Not often associated with a top-down retro-infused action game, Daedalic Entertainment’s latest is precisely that: Glitchpunk Early Access.
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I played the demo during the Steam Next Fest and forgot that I was impressed by this game as it just felt like playing the original GTA, or GTA2 – the inspiration. It’s just like the original PlayStation game with a similar story structure, albeit set in the future, and your character has the same sticky fingers – if it ain’t bolted down…
Fortunately, Dark Lord’s game, which will be in Early Access by the time you read this, is a dystopian action game where you take on a series of contracts to climb the ranks among the initial three factions. Each faction is represented by a colour on the screen with a related gauge to show your standing. Complete jobs for them, and you’ll be in high standing or kill their members, and you won’t be going to their birthday party. You’ll also have to pay a bounty to get new jobs.
Glitchpunk Early Access Preview
Starting in New Baltia, I got to choose either a male or female character for my ‘build’, opting for the latter to get fully immersive in role-playing without smudging my makeup. There’s not an in-depth story to begin with, but as you progress, you’re told of the tension with androids and their treatment, which influences some factions. As part-android, you’re a target and want a better life for yourself, so fast track into a world of crime.
Apologies for the frequent GTA comparisons, but it is like playing it again, but with bells and whistles on it. Despite having an old pixelated look, Glitchpunk Early Access looks fresh with 3D buildings and multiple layers you can interact with and get hurt if you fall from, and the lighting effects look great within the context of the art style. It reminded me a little of tinyBuild’s Black Skylands – not that it’s steampunk, but how they have taken a retro style and pimped it up with decent results.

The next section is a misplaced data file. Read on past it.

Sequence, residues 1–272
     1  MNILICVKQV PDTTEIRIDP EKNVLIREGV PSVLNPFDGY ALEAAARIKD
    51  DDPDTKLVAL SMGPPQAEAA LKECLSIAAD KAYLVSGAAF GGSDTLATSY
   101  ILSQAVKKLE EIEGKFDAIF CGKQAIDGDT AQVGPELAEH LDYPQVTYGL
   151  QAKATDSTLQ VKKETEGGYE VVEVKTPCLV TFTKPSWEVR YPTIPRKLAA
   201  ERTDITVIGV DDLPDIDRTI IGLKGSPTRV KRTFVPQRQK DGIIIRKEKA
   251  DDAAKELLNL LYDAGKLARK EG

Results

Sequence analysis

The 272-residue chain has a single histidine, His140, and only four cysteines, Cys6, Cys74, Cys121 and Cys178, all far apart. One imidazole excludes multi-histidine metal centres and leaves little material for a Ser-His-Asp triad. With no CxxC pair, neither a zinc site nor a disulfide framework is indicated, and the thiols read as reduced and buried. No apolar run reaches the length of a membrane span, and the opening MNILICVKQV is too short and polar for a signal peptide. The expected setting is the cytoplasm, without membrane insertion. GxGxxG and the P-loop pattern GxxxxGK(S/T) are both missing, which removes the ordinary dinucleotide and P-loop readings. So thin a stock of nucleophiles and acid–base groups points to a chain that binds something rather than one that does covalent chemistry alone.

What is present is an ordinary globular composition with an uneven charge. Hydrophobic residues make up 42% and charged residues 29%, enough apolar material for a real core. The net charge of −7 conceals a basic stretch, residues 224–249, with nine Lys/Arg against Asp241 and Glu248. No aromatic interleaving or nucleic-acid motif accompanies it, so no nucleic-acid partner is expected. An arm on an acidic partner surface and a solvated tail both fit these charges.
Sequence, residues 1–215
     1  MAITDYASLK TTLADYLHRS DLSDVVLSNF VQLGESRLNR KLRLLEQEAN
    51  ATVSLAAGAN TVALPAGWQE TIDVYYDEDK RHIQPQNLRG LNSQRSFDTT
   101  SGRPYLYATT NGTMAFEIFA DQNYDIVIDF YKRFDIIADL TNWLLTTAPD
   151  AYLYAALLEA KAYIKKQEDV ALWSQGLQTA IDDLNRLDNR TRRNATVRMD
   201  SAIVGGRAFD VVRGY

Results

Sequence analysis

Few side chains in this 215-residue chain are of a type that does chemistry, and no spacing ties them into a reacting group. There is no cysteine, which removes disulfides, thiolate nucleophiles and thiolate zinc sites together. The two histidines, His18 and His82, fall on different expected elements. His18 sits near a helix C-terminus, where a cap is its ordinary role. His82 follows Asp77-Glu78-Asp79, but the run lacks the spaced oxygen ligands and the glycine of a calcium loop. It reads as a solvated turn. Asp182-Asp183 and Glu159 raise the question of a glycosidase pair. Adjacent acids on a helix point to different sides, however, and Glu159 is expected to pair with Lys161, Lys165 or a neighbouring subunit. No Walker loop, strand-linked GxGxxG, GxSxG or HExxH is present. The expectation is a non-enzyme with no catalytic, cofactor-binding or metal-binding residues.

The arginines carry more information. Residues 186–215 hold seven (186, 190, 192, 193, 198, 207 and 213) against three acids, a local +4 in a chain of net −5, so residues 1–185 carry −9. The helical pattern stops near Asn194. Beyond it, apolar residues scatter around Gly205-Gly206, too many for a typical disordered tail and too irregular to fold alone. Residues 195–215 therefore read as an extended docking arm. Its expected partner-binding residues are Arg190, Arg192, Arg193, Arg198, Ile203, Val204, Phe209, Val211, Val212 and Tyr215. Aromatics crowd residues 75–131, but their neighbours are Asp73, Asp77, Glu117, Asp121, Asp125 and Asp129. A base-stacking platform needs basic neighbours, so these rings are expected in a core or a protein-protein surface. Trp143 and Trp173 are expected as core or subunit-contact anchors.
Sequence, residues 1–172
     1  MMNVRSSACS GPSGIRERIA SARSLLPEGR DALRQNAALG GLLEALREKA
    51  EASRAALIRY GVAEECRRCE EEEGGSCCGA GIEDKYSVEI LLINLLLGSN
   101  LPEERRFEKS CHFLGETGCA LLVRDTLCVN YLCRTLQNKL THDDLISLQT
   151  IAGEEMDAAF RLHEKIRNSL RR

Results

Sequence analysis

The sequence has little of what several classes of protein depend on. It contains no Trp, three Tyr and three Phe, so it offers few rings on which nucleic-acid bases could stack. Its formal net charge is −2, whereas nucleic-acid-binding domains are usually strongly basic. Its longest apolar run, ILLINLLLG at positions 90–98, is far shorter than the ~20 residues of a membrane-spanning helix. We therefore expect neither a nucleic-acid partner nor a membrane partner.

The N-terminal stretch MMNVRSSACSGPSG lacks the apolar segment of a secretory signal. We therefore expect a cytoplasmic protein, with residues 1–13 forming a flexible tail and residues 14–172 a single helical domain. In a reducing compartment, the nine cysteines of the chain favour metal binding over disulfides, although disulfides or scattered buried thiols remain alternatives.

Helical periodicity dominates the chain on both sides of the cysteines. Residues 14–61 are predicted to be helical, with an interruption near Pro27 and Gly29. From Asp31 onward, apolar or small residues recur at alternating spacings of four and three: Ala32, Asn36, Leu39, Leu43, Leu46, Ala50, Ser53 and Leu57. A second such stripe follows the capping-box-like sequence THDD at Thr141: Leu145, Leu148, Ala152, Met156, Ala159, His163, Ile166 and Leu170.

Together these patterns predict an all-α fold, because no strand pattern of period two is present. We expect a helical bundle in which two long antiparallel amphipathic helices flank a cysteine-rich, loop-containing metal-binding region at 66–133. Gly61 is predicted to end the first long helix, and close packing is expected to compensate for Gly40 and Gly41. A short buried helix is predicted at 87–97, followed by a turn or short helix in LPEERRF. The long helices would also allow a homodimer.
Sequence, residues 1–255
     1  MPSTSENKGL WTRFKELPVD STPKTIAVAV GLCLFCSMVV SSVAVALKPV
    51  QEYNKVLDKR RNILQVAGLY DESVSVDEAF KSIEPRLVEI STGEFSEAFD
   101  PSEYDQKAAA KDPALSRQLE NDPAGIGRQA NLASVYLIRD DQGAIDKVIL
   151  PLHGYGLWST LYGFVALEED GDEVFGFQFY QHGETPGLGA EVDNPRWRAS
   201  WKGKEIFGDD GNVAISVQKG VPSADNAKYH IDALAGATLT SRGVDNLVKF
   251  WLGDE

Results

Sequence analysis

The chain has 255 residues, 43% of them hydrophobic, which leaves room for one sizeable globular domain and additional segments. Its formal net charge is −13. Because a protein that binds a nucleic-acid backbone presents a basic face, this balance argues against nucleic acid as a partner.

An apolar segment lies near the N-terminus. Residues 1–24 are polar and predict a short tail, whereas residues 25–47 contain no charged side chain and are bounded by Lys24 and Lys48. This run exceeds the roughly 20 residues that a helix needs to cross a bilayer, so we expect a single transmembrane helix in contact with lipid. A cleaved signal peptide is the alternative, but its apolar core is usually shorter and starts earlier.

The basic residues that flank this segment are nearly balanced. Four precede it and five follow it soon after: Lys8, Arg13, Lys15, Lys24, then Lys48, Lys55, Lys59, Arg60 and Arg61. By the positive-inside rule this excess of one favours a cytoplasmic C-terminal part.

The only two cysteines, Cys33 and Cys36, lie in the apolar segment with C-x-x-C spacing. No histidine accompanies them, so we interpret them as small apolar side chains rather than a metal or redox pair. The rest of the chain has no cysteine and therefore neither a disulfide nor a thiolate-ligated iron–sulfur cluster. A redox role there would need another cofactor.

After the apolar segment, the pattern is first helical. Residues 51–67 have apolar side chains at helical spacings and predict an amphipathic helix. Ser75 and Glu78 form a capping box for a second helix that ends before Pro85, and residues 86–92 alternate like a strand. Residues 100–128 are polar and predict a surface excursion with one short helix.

The core of the game is getting assigned contracts and fulfilling them. You’ll head to a phonebox to see a list of offers, go to a vending machine and buy some panti- a gun, unless you already have one, and complete your mischievous tasks, ideally with as little aggro as possible. If you piss people off in this game, you’ll find your contracts hard-going as you have rival factions after you, pedestrians – if you provoke them, and if you get enough attention, a wanted level with the old bill after you. The only way to get rid of the latter is through completing a contract or heading to a garage. Get me a Dairy Milk while you’re there.
Right, comparisons (almost) over, what makes Glitchpunk Early Access any different, other than the cool visuals, ambient sounds and relative freedom to do as you please early on? Hacking. Hacking can be performed on the fly, and, as this is the future, you can hack people and devices. This helps with planning a contract as you can essentially create some drones to do the heavy lifting, keeping a safe distance yourself. Naturally, hacking comes at a cost, and that cost is focus points displayed alongside your health. It’s important to keep an eye on the gauge.